Hello everybody,

I have seen the name "Systems of Distinct Representatives" a few times in a short period of time so I decided to learn it. I have read about Hall's theorem and some of its applications but the thing is that I don't know some efficient way to find that system of distinct representatives. So the problem goes like this: We are given N sets S1,...,Sn of integers. We are to choose an integer from each set which we call a representative of that set. We want all sets to have different representatives. The best algorithm I know is to build a bipartite graph with sides the sets and the numbers and then the maximum matching will give us an answer. So that's why I learned the Hopcroft-Karp matching algorithm and assuming that the graph is built in O(E) time now I can solve the problem in O(E*sqrt(V)) which is worst case O(N^2*sqrt(N)).

However, I was told that it is possible to solve the problem in O(N^2). I will be really thankful if some of you can explain some more algorithms that can solve the problem faster and give me some problems if possible :)

Thanks in advance! :)

The problem is effectively equivalent to finding a maximum matching in an unweighted bipartite graph, as you have pointed out, but I don't think there is an O(n^2) algorithm for it: Matching in Graph Theory.

Okay, you really seem to be right since the maximum matching can be considered as the problem for finding SDR... Maybe it was due to miscalculation of the complexity since I wasn't the only one who got full score with O(N^4) with N<=500 (for the problem I told zxqfl). Thank you! :)

The number of edges is linear in the input size, so your algorithm is already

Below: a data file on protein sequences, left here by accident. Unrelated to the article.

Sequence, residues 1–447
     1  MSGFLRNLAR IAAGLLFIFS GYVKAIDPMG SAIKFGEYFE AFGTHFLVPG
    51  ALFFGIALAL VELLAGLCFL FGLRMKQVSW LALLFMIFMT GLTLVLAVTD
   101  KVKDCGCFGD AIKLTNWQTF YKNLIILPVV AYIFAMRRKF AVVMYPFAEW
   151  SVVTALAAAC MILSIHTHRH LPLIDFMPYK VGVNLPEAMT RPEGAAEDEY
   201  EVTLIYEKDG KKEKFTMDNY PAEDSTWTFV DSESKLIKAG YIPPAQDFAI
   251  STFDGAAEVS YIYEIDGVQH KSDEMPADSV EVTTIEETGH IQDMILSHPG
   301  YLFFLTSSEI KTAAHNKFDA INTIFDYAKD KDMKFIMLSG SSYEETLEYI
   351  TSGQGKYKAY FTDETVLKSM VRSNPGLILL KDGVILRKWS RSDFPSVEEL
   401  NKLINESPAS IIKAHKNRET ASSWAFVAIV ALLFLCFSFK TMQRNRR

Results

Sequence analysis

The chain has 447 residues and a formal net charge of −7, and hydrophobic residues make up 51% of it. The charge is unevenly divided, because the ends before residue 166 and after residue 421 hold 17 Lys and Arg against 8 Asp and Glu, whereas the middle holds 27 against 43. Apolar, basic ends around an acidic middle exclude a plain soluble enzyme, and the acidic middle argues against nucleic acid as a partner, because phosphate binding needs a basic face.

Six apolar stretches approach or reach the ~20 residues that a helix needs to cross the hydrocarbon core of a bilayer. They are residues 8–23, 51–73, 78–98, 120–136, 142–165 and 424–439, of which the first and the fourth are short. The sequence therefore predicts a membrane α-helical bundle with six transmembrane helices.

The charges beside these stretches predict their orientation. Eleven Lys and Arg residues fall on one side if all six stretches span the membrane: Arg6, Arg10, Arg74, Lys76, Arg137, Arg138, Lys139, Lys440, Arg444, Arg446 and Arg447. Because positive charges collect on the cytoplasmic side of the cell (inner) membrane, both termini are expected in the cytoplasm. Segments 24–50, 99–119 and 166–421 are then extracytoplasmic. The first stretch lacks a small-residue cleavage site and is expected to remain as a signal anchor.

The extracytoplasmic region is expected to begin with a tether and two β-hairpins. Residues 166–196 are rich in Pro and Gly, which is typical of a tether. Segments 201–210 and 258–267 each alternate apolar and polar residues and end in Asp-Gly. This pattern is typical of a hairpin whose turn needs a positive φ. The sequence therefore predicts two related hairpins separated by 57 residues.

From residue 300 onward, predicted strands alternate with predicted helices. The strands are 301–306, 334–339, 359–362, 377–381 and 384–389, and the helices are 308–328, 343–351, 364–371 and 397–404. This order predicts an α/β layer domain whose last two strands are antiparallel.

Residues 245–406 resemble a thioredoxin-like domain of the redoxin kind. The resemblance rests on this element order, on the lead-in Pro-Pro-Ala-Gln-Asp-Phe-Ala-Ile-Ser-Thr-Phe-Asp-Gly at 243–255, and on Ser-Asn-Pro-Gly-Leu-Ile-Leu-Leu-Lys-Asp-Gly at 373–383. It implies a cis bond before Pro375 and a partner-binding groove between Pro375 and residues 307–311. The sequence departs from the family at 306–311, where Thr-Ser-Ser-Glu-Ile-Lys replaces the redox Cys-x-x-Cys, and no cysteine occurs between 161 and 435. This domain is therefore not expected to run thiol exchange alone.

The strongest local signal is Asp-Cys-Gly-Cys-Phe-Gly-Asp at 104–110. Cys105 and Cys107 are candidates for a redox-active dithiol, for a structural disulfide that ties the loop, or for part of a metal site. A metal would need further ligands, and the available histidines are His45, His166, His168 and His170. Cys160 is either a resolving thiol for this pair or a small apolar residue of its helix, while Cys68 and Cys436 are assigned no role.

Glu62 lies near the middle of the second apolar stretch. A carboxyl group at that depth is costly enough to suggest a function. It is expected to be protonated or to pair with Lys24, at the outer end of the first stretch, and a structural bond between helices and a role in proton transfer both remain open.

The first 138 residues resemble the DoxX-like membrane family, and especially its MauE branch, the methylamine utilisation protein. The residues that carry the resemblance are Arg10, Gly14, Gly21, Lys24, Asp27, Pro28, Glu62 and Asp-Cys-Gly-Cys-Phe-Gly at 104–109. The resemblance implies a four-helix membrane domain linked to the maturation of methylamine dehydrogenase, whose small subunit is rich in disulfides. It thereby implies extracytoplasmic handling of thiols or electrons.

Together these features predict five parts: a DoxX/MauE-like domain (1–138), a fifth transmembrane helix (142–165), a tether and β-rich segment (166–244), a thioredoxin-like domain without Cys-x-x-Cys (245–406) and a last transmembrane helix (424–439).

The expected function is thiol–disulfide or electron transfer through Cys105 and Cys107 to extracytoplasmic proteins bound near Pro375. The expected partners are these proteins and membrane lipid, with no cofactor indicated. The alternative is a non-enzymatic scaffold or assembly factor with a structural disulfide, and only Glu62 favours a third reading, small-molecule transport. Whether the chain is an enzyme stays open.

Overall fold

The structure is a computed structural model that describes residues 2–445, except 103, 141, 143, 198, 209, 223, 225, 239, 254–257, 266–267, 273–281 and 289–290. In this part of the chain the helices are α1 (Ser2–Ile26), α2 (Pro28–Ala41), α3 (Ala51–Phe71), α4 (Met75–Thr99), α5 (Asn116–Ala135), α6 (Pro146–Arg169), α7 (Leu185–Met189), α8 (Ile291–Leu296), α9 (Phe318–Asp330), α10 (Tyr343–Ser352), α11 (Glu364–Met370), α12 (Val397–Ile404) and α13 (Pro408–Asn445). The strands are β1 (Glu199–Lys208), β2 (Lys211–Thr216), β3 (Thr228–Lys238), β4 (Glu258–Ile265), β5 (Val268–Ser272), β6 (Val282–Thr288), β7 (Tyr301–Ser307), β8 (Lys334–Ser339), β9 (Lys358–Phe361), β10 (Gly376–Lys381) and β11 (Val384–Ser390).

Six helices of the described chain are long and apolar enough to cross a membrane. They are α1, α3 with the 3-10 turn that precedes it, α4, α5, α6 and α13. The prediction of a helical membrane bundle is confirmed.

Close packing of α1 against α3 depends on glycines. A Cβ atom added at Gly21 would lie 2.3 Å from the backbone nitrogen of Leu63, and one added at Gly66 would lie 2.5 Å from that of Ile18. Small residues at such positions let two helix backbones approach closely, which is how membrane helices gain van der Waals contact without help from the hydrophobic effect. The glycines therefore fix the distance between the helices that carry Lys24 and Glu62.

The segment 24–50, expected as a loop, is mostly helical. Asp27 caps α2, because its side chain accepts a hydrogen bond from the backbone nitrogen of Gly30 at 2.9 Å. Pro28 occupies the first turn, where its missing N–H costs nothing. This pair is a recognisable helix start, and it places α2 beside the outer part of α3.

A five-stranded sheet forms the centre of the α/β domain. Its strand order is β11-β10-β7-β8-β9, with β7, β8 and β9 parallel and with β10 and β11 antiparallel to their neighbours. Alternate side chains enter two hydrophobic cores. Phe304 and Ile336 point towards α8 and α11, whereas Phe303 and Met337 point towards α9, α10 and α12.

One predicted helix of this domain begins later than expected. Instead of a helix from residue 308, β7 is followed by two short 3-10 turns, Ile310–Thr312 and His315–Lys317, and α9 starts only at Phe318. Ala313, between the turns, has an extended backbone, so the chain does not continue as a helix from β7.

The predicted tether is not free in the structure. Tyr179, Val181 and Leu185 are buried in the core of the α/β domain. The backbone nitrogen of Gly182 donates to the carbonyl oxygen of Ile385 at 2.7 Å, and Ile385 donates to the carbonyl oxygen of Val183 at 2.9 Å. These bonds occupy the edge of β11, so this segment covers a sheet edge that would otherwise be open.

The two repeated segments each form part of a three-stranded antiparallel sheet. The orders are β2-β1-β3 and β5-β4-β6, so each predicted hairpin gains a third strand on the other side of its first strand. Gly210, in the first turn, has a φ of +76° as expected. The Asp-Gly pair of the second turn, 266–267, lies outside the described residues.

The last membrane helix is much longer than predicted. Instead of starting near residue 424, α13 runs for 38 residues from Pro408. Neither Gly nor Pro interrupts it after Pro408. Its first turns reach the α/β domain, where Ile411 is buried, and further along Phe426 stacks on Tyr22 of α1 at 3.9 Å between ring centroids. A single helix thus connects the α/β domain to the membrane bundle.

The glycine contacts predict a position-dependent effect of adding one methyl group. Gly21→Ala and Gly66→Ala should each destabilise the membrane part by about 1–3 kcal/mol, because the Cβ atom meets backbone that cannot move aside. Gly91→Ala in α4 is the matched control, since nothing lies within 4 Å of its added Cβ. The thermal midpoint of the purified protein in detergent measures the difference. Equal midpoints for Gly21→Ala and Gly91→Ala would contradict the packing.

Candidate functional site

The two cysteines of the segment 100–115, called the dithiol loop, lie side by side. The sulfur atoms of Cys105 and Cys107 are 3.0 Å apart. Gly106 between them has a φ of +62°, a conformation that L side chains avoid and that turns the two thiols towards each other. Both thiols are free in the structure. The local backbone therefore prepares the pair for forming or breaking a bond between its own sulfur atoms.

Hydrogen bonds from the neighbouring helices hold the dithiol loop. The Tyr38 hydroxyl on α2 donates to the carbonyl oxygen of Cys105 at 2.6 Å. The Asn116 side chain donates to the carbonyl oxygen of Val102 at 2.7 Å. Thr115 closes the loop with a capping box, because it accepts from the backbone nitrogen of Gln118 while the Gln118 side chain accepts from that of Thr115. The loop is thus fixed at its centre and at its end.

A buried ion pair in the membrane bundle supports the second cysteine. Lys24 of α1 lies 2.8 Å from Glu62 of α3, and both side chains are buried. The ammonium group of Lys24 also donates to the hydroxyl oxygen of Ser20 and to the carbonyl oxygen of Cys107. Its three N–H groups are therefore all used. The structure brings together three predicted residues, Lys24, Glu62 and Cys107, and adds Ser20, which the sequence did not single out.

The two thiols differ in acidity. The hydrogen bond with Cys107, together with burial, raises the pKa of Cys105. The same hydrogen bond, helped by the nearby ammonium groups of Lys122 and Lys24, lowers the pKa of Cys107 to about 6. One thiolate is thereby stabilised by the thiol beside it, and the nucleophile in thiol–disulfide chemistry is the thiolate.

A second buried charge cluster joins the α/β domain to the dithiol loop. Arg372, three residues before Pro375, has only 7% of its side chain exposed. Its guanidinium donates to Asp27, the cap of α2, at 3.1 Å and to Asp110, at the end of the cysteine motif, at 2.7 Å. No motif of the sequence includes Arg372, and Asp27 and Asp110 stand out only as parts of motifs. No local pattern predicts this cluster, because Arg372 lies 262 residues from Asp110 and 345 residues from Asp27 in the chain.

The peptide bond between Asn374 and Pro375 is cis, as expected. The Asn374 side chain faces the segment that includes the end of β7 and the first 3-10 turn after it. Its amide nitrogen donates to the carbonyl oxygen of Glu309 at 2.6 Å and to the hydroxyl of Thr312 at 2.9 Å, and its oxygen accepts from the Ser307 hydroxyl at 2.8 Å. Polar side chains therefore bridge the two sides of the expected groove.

O(N^{2}). Actually I think your algorithm isO(N^{1.5}).How does this happen? If there are N sets and N^2 edges (which is the size of the input) then the matching is going to work in O(N^2*sqrt(N)). What do I miss?

Oh, I guess I misinterpreted what you meant. But are you sure the person who said you could solve in N^2 didn't mean "quadratic in the size of the input"? I don't think there is an

O(E) bipartite matching algorithm.During a training camp, were given the task to complete a latin rectangle MxN to a latin square NxN (N<=500, 1<=M<N). So assuming that the first M rows are filled, then we can find the M+1st row using SDR (System of Distinct Representatives). The author said that his solution does the same and finds the SDR in O(N^2) so the total complexity was O(N^3) but my O(N^4) implementation got full score with some optimizations. He tried to explain something which I didn't get and my friends that I asked said they didn't get it too. What the author said was that we will denote with B[i] the set represented by the number i. Initially we put all sets in a queue and take them one by one. If in the current set, there is a number that doesn't represent a set yet, then we make it a representative of the current set. Otherwise we take the first number (I am not sure how we needed to proceed if we again get to this set), push the set it represents into the queue and make it a representative of the current set. However, after I wanted to try this I didn't manage to understand how this works in O(N^2) and I thought that I misunderstood his explanation... :(